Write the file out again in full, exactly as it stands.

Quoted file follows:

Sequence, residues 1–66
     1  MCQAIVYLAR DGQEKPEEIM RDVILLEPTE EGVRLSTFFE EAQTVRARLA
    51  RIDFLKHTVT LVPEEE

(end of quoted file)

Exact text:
Sequence, residues 1–66
     1  MCQAIVYLAR DGQEKPEEIM RDVILLEPTE EGVRLSTFFE EAQTVRARLA
    51  RIDFLKHTVT LVPEEE